and formalized the concept of a geocentric (meaning “earth-centered”)
model of the universe. He also offered detailed mathematical rules
describing the motion of each of the planets.
Models of the Universe: Geocentric
Geocentric: the Earth is at the center of the universe; all heavenly bodies
move around the Earth
Models of the Universe: Heliocentric
Heliocentric: the Sun is at the center of the universe; all heavenly bodies
move around the Sun—including the Earth
In 1514, Copernicus wrote Commentariolus, a short, handwritten
notebook of observations in which he laid out the foundations of his
heliocentric theories. He did not sign his name to Commentariolus and
distributed it only to a few friends, feared it might anger of the Catholic
He then wrote Concerning the Revolutions of the Celestial Spheres, in
which he expanded on the heliocentric model he had proposed in
Commentariolus. It was published just before his death.
Tycho Brahe is important largely because he gathered a huge amount of
astronomical data with unprecedented accuracy.
He also came up with a theory of the heavens that offered an alternative to
both the Ptolemaic and Copernican models, arguing that the Sun and the
Moon revolved around Earth while other planets in the solar system
revolved around the Sun. The latter assertion helped answer observationbased criticisms about earlier conceptions of the Universe without requiring
a heliocentric model of the universe.
Johannes Kepler originally studied theology but ended up as a professor
of mathematics. As a student of Tycho, he studied both his teacher’s
works as well as the writings of Copernicus.
Kepler claimed that while Tycho’s data was correct, his interpretations of
the data were incorrect; he further argued that Tycho’s data actually
proved Copernicus correct.
Kepler also took issue with Copernicus’ claim that astronomical bodies
moved in circles, asserting instead that they moved in elliptical patterns—
an assertion that later proved correct. Kepler used Tycho’s data and his
own observations to develop three laws of planetary motion and proved
the core of heliocentric theory.
Galileo Galilei is considered the father of modern physics, astronomy, and
the “Father of Science.”
He created several different telescopes and used them to record
extraordinary amounts of data. His interpretations of the data yielded some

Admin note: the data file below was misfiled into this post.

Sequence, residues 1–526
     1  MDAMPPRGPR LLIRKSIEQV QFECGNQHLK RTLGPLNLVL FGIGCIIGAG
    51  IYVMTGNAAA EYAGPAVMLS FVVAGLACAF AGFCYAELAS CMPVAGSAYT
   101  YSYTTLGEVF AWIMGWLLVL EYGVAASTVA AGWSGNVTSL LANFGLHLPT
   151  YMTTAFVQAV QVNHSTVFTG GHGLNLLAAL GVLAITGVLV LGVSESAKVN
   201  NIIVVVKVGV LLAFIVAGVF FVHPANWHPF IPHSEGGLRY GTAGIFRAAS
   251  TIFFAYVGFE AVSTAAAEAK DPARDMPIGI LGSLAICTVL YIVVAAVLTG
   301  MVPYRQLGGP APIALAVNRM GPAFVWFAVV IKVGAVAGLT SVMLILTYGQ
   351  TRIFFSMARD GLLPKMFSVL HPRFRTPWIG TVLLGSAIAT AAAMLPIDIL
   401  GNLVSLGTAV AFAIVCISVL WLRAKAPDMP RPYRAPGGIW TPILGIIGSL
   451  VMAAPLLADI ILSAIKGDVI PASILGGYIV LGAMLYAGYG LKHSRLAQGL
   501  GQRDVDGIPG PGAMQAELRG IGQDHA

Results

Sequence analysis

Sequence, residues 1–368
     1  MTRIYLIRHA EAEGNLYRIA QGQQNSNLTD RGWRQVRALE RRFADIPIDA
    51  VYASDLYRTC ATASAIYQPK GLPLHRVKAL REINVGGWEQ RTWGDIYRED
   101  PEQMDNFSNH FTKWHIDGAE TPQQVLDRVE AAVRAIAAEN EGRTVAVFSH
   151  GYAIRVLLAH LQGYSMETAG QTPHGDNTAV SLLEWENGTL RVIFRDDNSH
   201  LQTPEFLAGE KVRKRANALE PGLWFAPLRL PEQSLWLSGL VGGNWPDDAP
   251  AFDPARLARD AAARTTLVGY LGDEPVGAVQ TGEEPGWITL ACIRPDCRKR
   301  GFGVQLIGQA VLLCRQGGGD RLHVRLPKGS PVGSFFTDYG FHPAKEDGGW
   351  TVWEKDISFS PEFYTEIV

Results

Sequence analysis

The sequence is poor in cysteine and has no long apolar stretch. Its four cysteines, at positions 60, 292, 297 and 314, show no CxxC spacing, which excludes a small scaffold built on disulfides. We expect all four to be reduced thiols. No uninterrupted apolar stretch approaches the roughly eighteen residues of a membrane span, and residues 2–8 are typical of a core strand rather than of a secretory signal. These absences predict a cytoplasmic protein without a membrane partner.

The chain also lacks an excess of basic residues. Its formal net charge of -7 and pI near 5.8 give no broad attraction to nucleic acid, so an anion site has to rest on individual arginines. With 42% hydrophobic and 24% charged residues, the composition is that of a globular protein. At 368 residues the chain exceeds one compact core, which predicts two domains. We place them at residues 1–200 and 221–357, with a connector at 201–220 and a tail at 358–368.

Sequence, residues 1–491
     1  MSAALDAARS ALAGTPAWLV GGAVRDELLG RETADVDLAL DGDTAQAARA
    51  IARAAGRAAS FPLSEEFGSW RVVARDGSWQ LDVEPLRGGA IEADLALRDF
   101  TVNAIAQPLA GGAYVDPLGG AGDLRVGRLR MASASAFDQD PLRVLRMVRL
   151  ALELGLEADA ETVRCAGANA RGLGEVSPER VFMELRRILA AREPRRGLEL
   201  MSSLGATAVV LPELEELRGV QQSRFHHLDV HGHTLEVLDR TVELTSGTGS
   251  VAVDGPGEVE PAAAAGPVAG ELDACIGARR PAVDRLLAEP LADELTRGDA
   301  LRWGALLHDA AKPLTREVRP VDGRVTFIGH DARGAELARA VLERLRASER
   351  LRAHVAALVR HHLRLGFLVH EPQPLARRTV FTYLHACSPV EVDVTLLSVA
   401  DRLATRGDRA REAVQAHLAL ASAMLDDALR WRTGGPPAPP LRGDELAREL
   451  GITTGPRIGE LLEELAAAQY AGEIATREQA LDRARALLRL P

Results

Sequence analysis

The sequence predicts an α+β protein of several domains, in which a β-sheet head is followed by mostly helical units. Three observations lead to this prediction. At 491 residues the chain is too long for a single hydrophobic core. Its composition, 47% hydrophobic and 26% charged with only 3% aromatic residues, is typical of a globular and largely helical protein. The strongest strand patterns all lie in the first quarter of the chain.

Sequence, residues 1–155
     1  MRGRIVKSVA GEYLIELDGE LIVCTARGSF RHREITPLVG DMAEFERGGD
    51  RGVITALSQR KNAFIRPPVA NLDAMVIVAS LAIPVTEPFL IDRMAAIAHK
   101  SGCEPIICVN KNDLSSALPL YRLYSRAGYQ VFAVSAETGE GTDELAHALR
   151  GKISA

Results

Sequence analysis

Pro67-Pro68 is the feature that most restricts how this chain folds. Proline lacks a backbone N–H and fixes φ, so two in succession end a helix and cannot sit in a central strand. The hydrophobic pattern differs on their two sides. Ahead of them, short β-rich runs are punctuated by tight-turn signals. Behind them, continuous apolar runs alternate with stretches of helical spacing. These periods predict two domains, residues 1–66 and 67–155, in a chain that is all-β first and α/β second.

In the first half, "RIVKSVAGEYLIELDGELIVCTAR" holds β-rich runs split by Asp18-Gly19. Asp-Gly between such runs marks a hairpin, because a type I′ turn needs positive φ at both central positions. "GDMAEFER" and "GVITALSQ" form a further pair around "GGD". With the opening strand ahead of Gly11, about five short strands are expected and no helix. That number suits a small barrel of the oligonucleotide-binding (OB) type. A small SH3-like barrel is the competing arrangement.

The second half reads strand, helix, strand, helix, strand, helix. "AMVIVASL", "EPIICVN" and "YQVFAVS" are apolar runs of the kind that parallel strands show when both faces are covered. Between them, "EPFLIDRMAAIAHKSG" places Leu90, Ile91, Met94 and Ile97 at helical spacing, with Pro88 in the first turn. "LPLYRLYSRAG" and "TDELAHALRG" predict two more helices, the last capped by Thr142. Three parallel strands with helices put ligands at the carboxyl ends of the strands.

remarkable discoveries.
•Stars were farther away than planets
•Mountains on the Moon
•Jupiter has four moons
•Saturn has rings
He eventually compiled and published his observations in a 1610 work titled
The Starry Messenger.
Galileo’s work, combined with the previous discoveries of Copernicus and
Kepler, proved Ptolemaic model of the universe was incorrect.
He also conducted a famous experiment in which he showed Aristotle had
been mistaken in his assumption that objects of different weights falling at
different rates of speed.
He establish an explanation of speed and motion. Galileo also created a
thermometer, which permitted more accurate data collection.
The Catholic Church perceived heliocentric theories as questioning long-held
doctrinal teachings about the nature of the heavens. The Church ultimately
found it easier to condemn the heliocentric view of the universe as “foolish”
and “formally heretical” rather than figure out how it could fit into a religious
In 1630, Galileo had received permission from the Vatican to publish the
Dialogue. Months after its first printing in 1632, Pope Urban VIII ordered a
halt to distribution of the book and created a special commission to
investigate whether the work was heretical. The commission recommended
that Galileo’s case be referred to the Roman Inquisition, which ruled on cases
of suspected heresy.
The tribunal threatened Galileo with torture, imprisonment, and even
burning at the stake if he refused to recant his views; eventually, he did.
He was sentenced to house arrest.
Galileo was forced to recite prayers every day and wasn’t supposed to be
allowed visitors.
The trial had a chilling effect on scientists practicing in Italy and pushed
the focus of mainstream science north to places like England and France.
It also highlighted the tensions between religion and science.
Sir Isaac Newton
He synthesized the works of Copernicus, Kepler, and Galileo in formulating
his theories on gravity and motion.
In the Principia, perhaps the most influential science book ever written. he
presented a new view of the world, expressed in mechanical terms.
Newton portrayed the universe as a large clock that operated by a
consistent set of rules. The book was well received by the academic
community of Europe at the time and his new world view became the
accepted paradigm until the atomic age.
Legend holds that Newton “discovered” gravity when an apple fell on his
head from a nearby tree, although many believed Newton—who loved to
tell stories—made the whole thing up.